The bottom line is that we’ll hear more about Medicare for All that we did when Republicans controlled the House agenda, but it’s no closer to being considered as a serious option than it was before the mid-term elections. At this point, any discussion merely sets Democrat priorities and paves a path for future implementation. The issue won’t reach the floor of the Senate.
Repairing the ACA
Democrats will attempt to repair some of the flaws in the ACA. Foremost is the Cost-Sharing Reduction (CSR) subsidies. These are the subsidies paid to insurers to reduce the net out-of-pocket responsibility of low-income enrollees (about 53% of enrollees) on Silver plans through the ACA marketplaces. The ACA requires these payments but made no provisions to finance the obligation. The Obama administration diverted funds appropriated for other purposes, but a US district court judge ruled that it couldn’t do so. Before the Obama administration could appeal, Republicans won the White House. President Trump continued to fund the subsidies temporarily under a waiver issued by the judge but subsequently ended the payments. Insurers are now responsible for covering the CSR subsidies.
CSR subsidies have been mired in politics for several years. The Republicans haven’t supported appropriations because the absence of funding provides leverage, perhaps to negotiate other changes in the law that Republicans favor. Expect more of the same in the 116th Congress. It’s likely that Democrats will pass a bill in the House to fund the subsidies. That bill may pass the Republican-controlled Senate if it’s combined with other legislation that the GOP favors.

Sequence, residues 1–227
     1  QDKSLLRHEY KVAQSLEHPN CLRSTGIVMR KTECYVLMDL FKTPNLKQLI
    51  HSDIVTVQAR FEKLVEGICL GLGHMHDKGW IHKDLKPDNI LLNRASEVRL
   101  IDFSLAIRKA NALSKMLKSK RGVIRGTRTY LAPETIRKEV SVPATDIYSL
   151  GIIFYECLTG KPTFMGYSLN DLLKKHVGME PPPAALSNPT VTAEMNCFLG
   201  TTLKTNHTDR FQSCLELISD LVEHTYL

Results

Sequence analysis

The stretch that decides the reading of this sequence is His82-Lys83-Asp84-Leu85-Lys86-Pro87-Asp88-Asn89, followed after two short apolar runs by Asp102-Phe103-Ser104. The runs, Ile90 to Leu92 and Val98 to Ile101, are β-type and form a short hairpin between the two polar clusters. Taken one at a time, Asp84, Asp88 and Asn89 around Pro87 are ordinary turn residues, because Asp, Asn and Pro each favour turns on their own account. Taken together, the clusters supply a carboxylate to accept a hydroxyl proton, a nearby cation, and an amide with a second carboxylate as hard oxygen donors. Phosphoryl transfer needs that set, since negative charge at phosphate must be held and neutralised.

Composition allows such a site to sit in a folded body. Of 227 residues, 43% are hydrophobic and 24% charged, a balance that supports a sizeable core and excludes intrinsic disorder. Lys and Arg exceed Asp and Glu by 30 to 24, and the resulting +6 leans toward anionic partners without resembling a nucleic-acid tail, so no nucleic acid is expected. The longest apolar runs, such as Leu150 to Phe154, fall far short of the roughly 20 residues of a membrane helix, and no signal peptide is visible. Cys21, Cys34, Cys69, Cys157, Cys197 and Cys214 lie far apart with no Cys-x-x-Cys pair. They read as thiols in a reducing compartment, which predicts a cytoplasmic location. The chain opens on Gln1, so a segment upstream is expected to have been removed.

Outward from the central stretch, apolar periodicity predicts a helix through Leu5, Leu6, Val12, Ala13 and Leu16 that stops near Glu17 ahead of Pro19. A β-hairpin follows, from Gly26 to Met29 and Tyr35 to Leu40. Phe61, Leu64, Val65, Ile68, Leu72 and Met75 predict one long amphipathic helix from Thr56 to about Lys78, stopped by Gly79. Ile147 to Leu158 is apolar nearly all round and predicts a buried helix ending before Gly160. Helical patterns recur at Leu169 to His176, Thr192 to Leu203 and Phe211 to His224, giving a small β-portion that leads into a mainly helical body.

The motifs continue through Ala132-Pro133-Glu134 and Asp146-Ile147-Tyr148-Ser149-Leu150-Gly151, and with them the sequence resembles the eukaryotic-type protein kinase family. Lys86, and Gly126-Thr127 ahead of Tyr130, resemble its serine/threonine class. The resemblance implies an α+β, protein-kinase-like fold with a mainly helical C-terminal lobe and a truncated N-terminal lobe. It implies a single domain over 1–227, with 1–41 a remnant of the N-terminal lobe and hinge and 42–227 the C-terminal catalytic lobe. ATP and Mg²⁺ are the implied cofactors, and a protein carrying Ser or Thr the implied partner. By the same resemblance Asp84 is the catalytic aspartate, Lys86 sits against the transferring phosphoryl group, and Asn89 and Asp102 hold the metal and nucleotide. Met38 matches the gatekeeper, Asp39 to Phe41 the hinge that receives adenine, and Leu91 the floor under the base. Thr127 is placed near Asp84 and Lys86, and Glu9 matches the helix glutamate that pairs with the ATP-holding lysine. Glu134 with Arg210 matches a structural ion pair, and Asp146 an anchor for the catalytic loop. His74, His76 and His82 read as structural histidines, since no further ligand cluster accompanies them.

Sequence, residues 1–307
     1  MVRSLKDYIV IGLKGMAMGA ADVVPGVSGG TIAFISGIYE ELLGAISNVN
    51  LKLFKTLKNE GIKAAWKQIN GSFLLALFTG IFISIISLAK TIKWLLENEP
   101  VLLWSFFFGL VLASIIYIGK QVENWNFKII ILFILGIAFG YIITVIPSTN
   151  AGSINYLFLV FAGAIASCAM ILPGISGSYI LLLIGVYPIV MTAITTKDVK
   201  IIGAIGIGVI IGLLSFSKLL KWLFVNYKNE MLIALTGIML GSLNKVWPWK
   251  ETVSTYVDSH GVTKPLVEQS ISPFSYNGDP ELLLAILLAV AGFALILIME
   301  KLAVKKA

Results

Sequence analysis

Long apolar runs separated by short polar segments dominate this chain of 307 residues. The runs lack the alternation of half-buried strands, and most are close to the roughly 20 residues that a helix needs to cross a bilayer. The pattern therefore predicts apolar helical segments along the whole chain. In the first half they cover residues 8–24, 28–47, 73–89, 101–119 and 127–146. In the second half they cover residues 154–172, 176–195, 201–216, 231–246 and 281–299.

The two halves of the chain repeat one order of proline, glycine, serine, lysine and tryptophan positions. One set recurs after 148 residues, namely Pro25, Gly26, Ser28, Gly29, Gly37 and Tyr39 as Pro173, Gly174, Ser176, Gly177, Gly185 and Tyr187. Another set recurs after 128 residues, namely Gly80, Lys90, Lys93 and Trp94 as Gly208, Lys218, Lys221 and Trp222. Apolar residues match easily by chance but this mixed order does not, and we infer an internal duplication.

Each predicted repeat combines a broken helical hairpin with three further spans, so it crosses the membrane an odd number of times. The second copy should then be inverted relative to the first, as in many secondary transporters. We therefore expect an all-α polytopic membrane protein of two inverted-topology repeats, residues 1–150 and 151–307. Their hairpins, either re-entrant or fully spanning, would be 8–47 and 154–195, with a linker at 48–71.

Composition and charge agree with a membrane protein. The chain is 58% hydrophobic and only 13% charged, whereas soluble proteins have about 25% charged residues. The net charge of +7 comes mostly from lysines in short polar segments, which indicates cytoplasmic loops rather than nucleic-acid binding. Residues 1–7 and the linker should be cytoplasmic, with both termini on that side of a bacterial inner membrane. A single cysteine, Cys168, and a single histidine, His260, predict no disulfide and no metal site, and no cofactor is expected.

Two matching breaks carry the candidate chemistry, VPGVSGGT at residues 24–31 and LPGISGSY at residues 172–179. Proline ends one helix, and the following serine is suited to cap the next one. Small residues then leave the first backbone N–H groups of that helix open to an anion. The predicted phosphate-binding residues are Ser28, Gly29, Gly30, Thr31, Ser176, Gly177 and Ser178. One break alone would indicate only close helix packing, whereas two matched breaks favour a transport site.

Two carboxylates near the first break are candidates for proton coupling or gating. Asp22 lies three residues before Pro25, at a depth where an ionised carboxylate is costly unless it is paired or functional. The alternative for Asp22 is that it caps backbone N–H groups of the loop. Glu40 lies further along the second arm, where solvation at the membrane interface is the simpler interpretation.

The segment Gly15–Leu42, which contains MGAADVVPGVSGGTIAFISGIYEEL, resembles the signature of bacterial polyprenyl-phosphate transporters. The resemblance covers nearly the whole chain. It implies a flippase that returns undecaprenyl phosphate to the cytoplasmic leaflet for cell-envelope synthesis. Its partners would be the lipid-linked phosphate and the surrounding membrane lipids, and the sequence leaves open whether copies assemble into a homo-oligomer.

Prescription Drug Prices
Both major parties agree that drug prices are a political issue. President Trump has suggested tying Medicare Part B (prescriptions administered in a physician office or similar site) reimbursements to an index reflecting what other countries pay for the same medications. This approach has approved controversial. Less controversial is the Trump administration’s efforts to accelerate the introduction of generic alternatives to brand-name prescription drugs into the market.
Democrats are no less concerned about the issue. The incoming chair of the House Energy and Commerce Committee, which oversees prescription-drug prices, has suggested that regulating what Medicare pays for prescriptions and speeding up generic development are on his agenda as well. Drug companies are convenient targets for both parties, although constructive approaches to rein in costs without affecting innovation are more elusive.
You can expect to see movement on bipartisan legislation to address the high cost of prescriptions, particularly specialty drugs and biologics. It will be interesting to see whether it takes the form of stand-alone legislation or is part of a grander bargain between the two parties.
Action in the Executive Branch
Following the Senate’s failure to approve legislation amending the ACA in 2017, President Trump began to take matters into his own hands. In October 2017, he instructed administration officials to recommend administrative action in three areas. His administration has delivered on two and has proposed a third.